Hydra Movement: Strength is just the beginning!
At some point in our lives, each of us has probably watched ‘The Biggest Loser’ at least once. The race to lose the most weight brings with it a lot of emotions and many hours of exercise, with some of the winners losing well over 100kg. However, what is the real cost of the show?
While it may be hard to believe, there are some benefits and positive outcomes from The Biggest Loser. For starters, some individuals who compete on the show can make real, and dramatic changes to their lives. These individuals have previously tried to lose weight on their own, but have been largely unsuccessful. The show provides both support and advice that the participants may not have had access to without participating. By shedding their significant excess weight, they are able to have a new lease on life.
For people watching the show at home, they may feel inspired and more accountable. Walking into a gym, overweight individuals may not feel inspired or be able to relate to who they see around them. It can be intimidating as an overweight person to walk into a gym full of ripped and fit people, in turn making them more demotivated as there is no one they can relate to and they feel out of place.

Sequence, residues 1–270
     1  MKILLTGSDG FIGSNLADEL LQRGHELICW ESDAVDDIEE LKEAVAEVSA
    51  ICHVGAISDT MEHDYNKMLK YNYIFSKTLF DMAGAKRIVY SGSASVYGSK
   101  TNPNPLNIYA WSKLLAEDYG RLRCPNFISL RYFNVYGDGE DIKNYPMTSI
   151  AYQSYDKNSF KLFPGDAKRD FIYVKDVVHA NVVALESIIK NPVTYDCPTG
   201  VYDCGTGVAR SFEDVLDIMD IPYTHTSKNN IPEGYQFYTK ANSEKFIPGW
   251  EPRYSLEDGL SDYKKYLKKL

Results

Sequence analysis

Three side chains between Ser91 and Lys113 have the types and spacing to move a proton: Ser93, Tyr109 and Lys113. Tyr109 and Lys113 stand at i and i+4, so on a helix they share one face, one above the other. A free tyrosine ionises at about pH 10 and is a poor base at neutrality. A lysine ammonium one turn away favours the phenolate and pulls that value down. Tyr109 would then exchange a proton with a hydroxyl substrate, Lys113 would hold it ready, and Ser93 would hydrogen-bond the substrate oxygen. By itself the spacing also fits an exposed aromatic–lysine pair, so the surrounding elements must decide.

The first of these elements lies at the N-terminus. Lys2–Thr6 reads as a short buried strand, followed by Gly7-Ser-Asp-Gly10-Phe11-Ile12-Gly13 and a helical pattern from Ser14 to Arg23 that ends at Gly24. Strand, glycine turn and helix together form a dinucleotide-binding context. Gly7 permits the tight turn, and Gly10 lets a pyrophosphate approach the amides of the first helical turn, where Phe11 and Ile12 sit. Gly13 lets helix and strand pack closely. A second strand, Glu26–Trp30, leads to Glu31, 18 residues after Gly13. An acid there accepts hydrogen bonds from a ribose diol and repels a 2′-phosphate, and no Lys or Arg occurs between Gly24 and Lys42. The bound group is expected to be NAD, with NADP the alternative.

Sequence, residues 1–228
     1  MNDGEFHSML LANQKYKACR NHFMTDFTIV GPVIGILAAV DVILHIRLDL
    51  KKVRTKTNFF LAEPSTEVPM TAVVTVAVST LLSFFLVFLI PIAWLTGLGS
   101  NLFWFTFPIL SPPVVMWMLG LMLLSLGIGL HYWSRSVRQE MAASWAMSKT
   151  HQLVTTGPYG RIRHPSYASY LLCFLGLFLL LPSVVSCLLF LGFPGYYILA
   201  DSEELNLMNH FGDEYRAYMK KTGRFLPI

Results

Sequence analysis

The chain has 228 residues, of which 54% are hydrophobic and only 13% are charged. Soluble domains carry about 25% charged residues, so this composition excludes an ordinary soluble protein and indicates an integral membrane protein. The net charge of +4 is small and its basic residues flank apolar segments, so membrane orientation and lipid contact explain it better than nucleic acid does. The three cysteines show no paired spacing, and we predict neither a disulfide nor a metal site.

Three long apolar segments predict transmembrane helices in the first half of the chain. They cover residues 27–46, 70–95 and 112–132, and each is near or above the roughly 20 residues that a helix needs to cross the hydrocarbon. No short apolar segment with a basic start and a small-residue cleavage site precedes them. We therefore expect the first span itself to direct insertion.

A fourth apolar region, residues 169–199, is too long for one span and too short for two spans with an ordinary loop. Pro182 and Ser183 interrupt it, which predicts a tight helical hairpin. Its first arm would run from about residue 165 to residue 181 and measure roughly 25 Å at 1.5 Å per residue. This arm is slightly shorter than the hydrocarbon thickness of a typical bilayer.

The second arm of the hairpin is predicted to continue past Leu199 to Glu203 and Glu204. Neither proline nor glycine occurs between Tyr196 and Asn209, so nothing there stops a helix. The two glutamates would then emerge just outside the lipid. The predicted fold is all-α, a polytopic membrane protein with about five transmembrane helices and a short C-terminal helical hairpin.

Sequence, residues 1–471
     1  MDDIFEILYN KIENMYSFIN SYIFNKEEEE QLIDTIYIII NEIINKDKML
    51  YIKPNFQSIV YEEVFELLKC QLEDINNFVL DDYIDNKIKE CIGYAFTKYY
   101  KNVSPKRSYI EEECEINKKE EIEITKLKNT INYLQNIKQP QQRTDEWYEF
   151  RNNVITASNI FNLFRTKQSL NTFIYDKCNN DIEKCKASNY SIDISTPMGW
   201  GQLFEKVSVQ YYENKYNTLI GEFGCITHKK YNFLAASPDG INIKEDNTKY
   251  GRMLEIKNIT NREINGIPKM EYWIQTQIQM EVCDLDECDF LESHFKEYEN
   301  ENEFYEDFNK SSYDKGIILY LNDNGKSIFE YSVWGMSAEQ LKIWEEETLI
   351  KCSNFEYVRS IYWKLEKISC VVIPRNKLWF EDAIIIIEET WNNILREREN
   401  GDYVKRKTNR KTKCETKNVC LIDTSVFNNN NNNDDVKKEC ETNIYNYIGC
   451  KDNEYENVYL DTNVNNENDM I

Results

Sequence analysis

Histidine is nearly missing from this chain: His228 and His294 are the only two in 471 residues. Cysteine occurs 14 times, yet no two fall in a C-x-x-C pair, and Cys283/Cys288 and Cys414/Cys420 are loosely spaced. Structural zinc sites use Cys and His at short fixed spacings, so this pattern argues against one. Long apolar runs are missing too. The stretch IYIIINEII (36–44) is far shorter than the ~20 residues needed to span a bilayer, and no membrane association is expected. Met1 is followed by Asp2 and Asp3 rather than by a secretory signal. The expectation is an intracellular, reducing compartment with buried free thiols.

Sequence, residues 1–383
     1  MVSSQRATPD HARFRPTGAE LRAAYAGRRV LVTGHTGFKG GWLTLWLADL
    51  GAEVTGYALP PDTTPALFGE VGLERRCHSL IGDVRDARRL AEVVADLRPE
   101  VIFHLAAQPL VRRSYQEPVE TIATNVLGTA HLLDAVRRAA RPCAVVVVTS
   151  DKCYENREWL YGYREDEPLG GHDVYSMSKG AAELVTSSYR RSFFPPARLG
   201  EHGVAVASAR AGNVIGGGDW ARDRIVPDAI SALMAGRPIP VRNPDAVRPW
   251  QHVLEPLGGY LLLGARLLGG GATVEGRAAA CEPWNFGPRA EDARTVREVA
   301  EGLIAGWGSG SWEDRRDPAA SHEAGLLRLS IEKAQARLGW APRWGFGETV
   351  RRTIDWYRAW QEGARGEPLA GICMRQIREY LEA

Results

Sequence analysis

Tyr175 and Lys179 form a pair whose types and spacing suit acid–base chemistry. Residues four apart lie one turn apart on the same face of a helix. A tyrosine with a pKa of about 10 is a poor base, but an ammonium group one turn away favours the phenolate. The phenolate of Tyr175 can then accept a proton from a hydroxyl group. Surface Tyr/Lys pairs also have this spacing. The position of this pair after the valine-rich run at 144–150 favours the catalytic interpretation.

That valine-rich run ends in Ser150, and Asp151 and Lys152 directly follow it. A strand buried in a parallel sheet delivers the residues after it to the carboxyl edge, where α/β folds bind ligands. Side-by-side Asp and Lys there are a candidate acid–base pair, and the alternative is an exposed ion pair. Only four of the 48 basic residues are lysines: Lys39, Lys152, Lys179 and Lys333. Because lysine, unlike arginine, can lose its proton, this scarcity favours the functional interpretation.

By watching the show they may become more conscious about their dietary and exercise habits, and they are able to see ‘role models’ who are in a similar situation to themselves who are being successful at weight loss. These factors combined may be enough inspiration to lead them to overhaul their own bad habits and pursue a successful fat loss journey.
With rapid and dramatic weight loss, comes quite a few drawbacks.
Firstly, the exercise the participants are asked to complete on the show is extremely intense and can cause injuries and illness such as rhabdomyolysis, a condition where your muscles begin to break down causing severe muscle pain. The participants on The Biggest Loser are generally individuals who have not performed exercise, particularly strenuous exercise, in a long time. This sudden increase in activity coupled with a high body mass can be a recipe for injury.
Unmaintainable Weight Loss
Another issue with the rapid weight loss encouraged on 'The Biggest Loser' is it is most often not maintainable. The metabolism and hormones of the contestants are negatively impacted by the very low-calorie diets they are on in order to lose weight. As a result of these diets, the participants’ resting metabolic rate is often slowed, meaning they do not burn as many calories throughout the day before exercise.
A slower resting metabolic rate will predispose the participants to regain the weight they have just worked so hard to lose. Additionally, once they leave the show they must go back to a regular schedule which can include structured work or education and other real-life commitments. This change in timetable provides a vast change from the whole-day exercise sessions the participants are exposed to on the show. Quite simply, the participants do not know how to assimilate back into normal, everyday adult life and balance their commitments with an exercise regime.
Unhealthy Body Image